When I opened my computer this afternoon to start writing, I discovered that the last 500 words or so that I had completed the day before had now disappeared. It was lost and it had evaporated out into the cyber universe. I could imagine my orphaned paragraphs, lost and alone on a street corner or in the middle of a crowded intersection somewhere, holding up a sign that reads, "misplaced paragraphs, will provide inspiration in return for a new home."
Okay, maybe not. Still the fruit of a day's labor was lost, probably forever.
At this point my temptation to fall into despair was palpable. I could feel the tide of hopelessness rising, as one of my more obnoxious inner voices pronounced, "Well, that's it! If the work we finished yesterday is gone already, why should we sweat and struggle to create any more? You never know when stuff is going to get trashed around here, so why bother?" My calmer, more sane mind did its best to ignore the pessimistic complaining, and I tried to search the hard drive for every likely handle that might turn up a clue for the missing material. No luck, the stuff was just gone. Reluctantly I went back went back to the outline of the chapter I was writing, and by this point any inspiration that I had left had made a quick dash for the emergency exit. Nothing in my plans for the day's work sounded right. The pessimistic voice in my head returned with a vengeance, saying, "Who's idea was this anyway? This is stupid! It will never work, and by the way, this is a dumb idea for a book anyway."
The episode closed with a blank computer screen open before me, as I quietly started filling up the empty space with words. On this day I didn't allow the discouraging voice to keep me from doing at least some of the work that I had originally intended. Putting text on the page didn't silence the inner critic but I did demonstrate a resolve that I wasn't going to be deterred by a technical problem, a problem that was likely due to my own error. As I reflect back on this otherwise trivial event, it is clear that the things that keep me from making and doing the work I want are rarely big challenges. If I had listened to the voice that told me that my writing was pointless, I would have allowed a small, and routinely reccuring, mechanical failure to deter me from moving ahead on a project that matters to me. In this light, it is really amazing that human beings ever get anything done, let alone really great things.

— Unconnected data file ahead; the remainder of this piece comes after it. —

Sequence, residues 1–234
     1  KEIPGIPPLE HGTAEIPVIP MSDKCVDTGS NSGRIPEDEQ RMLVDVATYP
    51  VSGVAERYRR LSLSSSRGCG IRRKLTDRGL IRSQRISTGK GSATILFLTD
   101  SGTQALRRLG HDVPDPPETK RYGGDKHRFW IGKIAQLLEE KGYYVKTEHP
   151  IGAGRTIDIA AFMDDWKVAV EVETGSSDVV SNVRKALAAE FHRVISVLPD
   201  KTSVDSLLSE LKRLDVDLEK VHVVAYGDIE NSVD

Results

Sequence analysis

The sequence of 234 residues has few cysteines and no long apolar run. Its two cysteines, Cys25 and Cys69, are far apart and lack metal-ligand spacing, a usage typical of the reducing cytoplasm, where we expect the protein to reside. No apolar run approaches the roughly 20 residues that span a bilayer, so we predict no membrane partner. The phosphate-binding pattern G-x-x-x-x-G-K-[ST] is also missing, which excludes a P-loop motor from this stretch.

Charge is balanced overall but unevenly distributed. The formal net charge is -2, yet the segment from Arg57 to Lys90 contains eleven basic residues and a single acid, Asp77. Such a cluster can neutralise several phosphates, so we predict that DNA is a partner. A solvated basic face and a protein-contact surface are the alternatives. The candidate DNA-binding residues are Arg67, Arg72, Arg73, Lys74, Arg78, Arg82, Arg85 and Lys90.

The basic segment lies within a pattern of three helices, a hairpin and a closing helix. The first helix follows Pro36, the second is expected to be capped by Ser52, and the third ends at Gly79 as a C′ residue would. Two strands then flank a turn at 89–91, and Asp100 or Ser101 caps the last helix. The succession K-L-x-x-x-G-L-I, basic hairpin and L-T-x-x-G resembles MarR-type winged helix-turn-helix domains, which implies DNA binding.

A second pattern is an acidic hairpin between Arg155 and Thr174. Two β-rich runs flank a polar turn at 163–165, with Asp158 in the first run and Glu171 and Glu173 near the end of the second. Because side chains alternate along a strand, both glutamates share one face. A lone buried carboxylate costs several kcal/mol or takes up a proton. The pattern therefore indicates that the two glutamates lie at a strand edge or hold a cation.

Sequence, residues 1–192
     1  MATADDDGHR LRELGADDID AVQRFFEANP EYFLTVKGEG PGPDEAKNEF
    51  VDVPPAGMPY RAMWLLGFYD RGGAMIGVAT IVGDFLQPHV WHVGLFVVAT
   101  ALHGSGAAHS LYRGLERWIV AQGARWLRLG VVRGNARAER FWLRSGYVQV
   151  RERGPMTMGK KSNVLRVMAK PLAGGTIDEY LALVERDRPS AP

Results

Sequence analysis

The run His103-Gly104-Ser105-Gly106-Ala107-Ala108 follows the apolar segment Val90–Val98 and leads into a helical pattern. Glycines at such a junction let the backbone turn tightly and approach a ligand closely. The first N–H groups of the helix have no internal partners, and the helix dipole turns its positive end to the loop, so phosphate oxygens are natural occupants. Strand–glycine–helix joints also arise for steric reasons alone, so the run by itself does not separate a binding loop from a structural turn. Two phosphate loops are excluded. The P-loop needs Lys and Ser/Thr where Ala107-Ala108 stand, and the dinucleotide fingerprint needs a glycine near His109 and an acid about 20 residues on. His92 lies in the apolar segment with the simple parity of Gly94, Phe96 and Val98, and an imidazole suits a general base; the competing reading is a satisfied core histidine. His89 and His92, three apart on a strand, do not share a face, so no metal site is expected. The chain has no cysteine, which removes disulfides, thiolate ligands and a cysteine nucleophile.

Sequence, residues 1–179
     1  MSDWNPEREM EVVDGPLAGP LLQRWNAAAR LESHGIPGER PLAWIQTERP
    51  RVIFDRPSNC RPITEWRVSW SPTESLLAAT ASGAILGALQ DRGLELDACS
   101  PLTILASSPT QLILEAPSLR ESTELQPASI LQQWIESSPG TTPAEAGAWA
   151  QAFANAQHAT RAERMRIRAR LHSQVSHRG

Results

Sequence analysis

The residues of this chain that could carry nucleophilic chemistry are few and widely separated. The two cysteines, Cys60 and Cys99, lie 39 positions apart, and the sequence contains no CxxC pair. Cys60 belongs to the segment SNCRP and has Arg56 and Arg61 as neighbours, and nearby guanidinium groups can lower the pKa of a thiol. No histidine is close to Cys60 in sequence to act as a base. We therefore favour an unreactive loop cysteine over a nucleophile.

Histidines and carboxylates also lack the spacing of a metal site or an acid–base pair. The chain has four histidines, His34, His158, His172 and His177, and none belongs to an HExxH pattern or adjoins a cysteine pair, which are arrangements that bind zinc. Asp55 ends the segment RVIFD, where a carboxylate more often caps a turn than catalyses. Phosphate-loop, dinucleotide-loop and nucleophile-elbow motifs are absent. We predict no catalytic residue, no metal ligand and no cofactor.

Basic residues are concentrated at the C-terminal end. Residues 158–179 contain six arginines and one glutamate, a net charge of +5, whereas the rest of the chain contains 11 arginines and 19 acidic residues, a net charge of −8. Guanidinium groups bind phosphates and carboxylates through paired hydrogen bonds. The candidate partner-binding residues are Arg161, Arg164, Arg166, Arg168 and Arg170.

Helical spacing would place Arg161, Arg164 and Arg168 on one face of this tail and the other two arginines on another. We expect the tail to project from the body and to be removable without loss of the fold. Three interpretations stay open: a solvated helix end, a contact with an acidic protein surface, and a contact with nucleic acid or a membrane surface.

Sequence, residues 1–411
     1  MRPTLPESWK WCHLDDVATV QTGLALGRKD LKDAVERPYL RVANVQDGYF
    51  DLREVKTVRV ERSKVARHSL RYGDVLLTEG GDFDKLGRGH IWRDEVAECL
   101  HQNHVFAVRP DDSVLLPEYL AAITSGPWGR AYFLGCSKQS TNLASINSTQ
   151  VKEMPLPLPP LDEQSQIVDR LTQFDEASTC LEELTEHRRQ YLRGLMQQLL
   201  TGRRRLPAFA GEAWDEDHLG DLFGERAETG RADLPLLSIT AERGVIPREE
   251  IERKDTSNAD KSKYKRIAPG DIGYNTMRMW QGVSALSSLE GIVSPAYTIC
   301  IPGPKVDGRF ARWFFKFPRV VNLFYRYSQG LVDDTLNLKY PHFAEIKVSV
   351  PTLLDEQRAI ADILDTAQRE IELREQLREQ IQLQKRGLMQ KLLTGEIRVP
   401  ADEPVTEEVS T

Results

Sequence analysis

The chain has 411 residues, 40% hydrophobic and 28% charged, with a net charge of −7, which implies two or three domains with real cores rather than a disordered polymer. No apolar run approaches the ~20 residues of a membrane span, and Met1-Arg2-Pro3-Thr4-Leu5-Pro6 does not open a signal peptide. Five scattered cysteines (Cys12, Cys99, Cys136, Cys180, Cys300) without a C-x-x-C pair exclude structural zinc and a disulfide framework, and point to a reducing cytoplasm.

The irony in all this is that the real threats to my productivity rarely come from what I most fear. In pursuing creative work my great fears tend to focus on my own perceived lack of talent, or that I don't have the proper training or experience to do what I am trying to do. These days if I miss a deadline or fail to reach some stated goal, it is far more likely that the failure was simply my unwillingness to fight through the petty inconveniences that show up each day as I make my way to the studio door.